Less Nuclear Stocks and More Development
Workshop 10 November 2014 – The existence of nuclear weapons poses serious security and safety threats to the countries possessing them and to the whole world. More than 20 years after the end of the cold war and the arms race, including in the nuclear field, it is time to have a comprehensive approach to national and international security architecture. Without such efforts the risk of a nuclear war, either by accident or by design, continues to be realistic, and even growing with new emerging nuclear powers, regionally and globally, and proliferation would be a consequence of not proceeding to concrete and effective nuclear disarmament aiming ultimately at the total elimination of nuclear weapons.
In the last few years military spending has been increasing and nuclear powers are modernizing or developing their stocks. At the same time, countries around the world are struggling to reduce poverty, to assure a better future to the young generation through education, professional training and decent jobs. The initiative would divert funding made available in national security budgets by such reductions for the alleviation of world poverty. It would thereby address the harm nuclear arms production does to the world’s poor. The nuclear arms race is “an utterly treacherous trap for humanity and one which harms the poor to an intolerable degree” (Gaudium et spes, n. 81). Development, justice and respect for fundamental freedoms are the real foundation for national and international security.
In past decades we have witnessed some progress, unilaterally or bilaterally, in the area of nuclear stocks reduction. There is currently an impasse in efforts toward further agreed reductions. The continuing dangers of a nuclear weapons world cannot be ignored. Serious reductions in nuclear arsenals can be crafted and achieved and will help lessen the dangers. At the same time large amounts of funds will be saved that can be used for education, health and development in general.
To make this happen we need to build confidence between different actors and we have to address the security concerns of all. All contentious issues should be put on the table: missile defense, conventional prompt global strike, conventional arms race and imbalance, militarization and weaponization of outer space, etc. The different actors, in particular the super powers, have to move from a declaratory stand to a more concrete plan of action with clear objectives and an agreed timetable. In the meanwhile, the safety and security of the stocks of all possessors should remain of the utmost priority.
Reduction in nuclear warheads should be looked at in a comprehensive manner beyond the number of deployed warheads. It has to include, inter alia: non-deployed war heads, military doctrine, level of alert, modernization, etc.
The conversation between the 2 big nuclear powers and the reductions already made are positive and necessary steps but not sufficient. This effort should include the other nuclear powers. Otherwise the exercise will reach its limits at some point. The multilateral avenue is unavoidable if the main objective is a secure and stable world without nuclear weapons.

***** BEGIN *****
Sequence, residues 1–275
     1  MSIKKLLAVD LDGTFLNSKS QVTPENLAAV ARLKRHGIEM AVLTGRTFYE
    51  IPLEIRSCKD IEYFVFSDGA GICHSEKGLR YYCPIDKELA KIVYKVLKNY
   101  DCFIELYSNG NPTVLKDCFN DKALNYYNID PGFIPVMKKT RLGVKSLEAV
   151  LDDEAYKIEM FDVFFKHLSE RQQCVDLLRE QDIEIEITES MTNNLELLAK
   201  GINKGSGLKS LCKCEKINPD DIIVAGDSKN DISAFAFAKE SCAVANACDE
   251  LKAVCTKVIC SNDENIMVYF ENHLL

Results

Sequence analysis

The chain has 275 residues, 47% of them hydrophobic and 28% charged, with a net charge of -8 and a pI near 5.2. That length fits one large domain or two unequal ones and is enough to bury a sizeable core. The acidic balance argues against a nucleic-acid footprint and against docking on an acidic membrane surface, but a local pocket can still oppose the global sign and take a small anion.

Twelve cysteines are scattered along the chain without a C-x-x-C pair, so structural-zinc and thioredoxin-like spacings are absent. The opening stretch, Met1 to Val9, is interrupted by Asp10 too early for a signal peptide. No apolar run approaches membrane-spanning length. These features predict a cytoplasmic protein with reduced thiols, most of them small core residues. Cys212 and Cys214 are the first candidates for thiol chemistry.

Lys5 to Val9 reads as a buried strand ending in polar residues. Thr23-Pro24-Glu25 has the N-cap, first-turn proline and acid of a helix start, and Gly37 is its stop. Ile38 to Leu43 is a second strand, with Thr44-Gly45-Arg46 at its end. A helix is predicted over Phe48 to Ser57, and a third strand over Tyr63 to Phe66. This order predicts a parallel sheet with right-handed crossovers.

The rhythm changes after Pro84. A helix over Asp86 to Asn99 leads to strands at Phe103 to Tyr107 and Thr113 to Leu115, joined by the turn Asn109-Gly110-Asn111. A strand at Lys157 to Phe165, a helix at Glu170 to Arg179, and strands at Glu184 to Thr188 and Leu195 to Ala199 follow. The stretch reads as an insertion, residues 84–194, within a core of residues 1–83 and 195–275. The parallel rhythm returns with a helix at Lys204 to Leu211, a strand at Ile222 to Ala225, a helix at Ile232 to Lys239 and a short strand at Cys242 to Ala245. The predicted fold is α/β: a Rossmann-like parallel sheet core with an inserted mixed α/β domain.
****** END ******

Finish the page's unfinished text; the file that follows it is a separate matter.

Any move, formal or informal, bilaterally or multilaterally, to focus the attention on the nuclear weapons issue would also re-raise international awareness of the need to reduce nuclear arms and the risks of nuclear conflicts, and to sharpen the focus on issues of world poverty. This move could have a stabilizing effect in contemporary centers of strife. It would also have a restraining impact on the temptation of aspiring nations to “go nuclear” by creating local incentives to meet the needs of the poor rather than spending huge sums on nuclear weapons. It would also set the stage for participation in joint efforts by all nuclear powers both in the diversion of freed-up resources and the elimination of their nuclear weapons and eventual associated reductions in conventional weapons.
The Holy See has spoken fervently since the beginning of the nuclear era on the need to prevent further use of nuclear weapons at all costs. Other religious leaders have done the same. It is important to continue to bring committed experts, religious representatives, international organizations, NGOs and States to have an open debate with a common objective which is to relieve humanity, now and in the future, from the threat of nuclear weapons.
This workshop highlights the issues, particularly the ethical and humanitarian dimensions, and involves experts from the Holy See and the Russian Orthodox Church. Experts from other countries (US, Russia, Italy, Norway, etc.) and institutions (UN, Global Priorities, etc.) have been invited to take part. No government representatives will be invited at this stage and no conclusions will be advanced except insofar as they identify issues that need resolution. All participants are invited in their own capacity. However, a key outcome of the Rome consultation might be that in this time of economic hardship and discord and cooling of relations between the nuclear superpowers, religious forces can exert considerable influence to identify and resolve pressing issues.
Tomasi H.E. Msgr. Silvano
Sánchez Sorondo H.E. Msgr. Marcelo
Abi Ghanem Rev. Fr. Antoine
Burns William F. General (USA)
Caughley Tim (Switzerland)
Christiansen Rev. Fr. Drew (USA)
Conversi Paolo (Vatican City)
Cusimano-Love MaryAnn (USA)
Dvorkin General Vladimir (Russia)
Hackett Kenneth F. (USA)
Kohen Arnold (USA)
Korb Lawrence J. (USA)
Larionov Hieromonk Alexey (Russia)
Lewis Patricia (UK)
Lodgaard Sverre (Norway)
Morel Pierre (France)
Pates Richard E. (USA) Bishop
Powers Gerard (USA)
Sachs Jeffrey (USA)
Shmaliy Very Rev. Archpriest Vladimir (Russia)
Trezza Carlo Ambassador (Italy)